Units: A Strategy to End Long-Term Restrictive Housing” was issued by the Vera
Institute of Justice, a private non-profit group. The article focuses primarily on bestpractices, identifying five “key aspects” to an effective transition program:
1. Individualized decisions about who is placed in the program;
2. Conditions that differ significantly from restrictive housing;
3. Meaningful out-of-cell group programming and activities;
4. A clear process for progressing through the program, including frequent
reviews by a multidisciplinary team, individual behavior plans, and
transparency and tangibility in the review criteria; and
5. Carefully planned transitions to general population.
(Doc. 209-1, pp. 19-20). It also cautions against “loops,” where a violation of rules
automatically places the prisoner back at the beginning of the process. (Id., p. 21). The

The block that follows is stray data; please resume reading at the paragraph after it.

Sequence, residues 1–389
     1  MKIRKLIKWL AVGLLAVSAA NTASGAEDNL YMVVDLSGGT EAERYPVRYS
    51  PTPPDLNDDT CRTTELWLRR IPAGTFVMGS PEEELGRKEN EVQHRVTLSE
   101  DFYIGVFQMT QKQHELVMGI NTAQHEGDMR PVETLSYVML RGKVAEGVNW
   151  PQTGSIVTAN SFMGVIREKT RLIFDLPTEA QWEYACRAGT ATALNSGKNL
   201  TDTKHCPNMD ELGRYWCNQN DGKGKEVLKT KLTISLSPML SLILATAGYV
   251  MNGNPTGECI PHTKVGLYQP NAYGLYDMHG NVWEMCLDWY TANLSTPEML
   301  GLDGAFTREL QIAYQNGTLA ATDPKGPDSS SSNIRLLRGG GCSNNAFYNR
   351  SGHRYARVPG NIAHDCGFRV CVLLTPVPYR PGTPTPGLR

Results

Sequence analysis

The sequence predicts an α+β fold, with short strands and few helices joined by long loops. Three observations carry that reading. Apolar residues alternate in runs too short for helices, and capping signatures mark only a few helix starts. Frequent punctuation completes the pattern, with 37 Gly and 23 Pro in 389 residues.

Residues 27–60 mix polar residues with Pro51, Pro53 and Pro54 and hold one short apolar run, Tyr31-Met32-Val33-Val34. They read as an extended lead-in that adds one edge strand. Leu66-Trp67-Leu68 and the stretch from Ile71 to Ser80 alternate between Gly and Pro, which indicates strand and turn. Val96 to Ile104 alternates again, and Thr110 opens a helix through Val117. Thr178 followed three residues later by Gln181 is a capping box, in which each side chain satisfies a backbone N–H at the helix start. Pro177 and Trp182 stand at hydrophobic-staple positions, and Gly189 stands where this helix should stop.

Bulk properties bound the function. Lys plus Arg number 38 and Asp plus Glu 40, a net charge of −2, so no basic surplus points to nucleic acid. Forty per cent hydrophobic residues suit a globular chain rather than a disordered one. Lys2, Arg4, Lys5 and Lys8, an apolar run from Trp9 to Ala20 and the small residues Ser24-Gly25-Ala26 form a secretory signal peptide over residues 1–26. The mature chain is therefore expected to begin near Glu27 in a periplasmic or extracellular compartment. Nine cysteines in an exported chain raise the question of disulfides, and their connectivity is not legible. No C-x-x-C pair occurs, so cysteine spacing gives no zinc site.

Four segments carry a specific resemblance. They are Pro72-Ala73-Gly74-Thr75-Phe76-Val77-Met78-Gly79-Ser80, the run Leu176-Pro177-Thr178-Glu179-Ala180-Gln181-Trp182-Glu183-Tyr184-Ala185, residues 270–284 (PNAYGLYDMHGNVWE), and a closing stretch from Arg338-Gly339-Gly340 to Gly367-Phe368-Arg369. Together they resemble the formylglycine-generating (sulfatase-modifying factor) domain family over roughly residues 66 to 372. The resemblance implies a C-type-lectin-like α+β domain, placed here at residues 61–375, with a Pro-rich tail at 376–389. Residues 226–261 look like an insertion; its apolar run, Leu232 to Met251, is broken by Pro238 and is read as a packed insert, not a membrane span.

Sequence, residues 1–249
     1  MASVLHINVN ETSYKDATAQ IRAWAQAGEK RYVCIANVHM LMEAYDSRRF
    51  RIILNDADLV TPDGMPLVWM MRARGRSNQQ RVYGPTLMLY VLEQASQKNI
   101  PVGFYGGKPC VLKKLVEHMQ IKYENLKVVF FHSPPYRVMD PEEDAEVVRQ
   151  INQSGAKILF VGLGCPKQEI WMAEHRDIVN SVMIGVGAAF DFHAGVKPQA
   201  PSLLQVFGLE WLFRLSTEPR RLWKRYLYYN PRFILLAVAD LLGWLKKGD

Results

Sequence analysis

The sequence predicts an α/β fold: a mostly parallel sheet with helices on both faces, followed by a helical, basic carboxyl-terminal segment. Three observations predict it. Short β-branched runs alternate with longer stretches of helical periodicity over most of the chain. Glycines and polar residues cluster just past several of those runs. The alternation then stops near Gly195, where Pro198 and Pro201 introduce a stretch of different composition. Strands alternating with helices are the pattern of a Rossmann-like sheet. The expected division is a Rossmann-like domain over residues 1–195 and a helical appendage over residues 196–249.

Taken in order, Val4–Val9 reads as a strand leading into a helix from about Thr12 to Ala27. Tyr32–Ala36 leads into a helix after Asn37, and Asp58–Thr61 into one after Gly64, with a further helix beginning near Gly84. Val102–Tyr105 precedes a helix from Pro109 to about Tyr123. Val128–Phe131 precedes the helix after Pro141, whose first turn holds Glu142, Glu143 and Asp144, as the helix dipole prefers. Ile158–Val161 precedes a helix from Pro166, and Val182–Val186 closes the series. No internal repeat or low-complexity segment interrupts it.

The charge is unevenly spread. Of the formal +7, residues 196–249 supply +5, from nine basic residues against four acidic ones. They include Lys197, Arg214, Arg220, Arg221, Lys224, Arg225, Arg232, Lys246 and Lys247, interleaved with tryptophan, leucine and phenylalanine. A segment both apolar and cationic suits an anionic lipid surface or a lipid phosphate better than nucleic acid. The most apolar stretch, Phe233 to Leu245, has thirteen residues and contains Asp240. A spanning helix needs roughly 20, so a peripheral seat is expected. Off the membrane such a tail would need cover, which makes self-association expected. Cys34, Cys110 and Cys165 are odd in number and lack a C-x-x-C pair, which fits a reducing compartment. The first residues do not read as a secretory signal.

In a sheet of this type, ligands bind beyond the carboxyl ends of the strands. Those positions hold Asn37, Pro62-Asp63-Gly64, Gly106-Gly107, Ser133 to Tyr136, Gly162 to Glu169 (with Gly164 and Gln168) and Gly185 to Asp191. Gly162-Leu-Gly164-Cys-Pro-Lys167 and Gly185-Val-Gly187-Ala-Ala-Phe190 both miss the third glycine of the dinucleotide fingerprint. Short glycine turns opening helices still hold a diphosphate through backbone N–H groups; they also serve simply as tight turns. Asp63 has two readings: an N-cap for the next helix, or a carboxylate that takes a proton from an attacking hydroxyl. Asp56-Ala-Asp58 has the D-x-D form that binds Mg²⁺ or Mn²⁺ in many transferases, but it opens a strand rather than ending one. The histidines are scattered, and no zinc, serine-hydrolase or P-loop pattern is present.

second article, “Working to Limit Restrictive Housing: Efforts in Four Jurisdictions to
Make Changes” was put forth by the Association of State Correctional Administrators
and Liman Center for Public Interest Law. (Id., pp. 29-49). Finally, Plaintiff included a
press release from the State of Tennessee, which contains a broad description of their 160hour Restrictive Housing Step-Down Program. (Id., p. 51).
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Plaintiff’s specific requests for an injunction appear to have changed over time. In
his Motion, Plaintiff requested an Order requiring IDOC to implement a transitional plan
in accordance with four requirements:
1. It should be tailored to Plaintiff and his specific psychological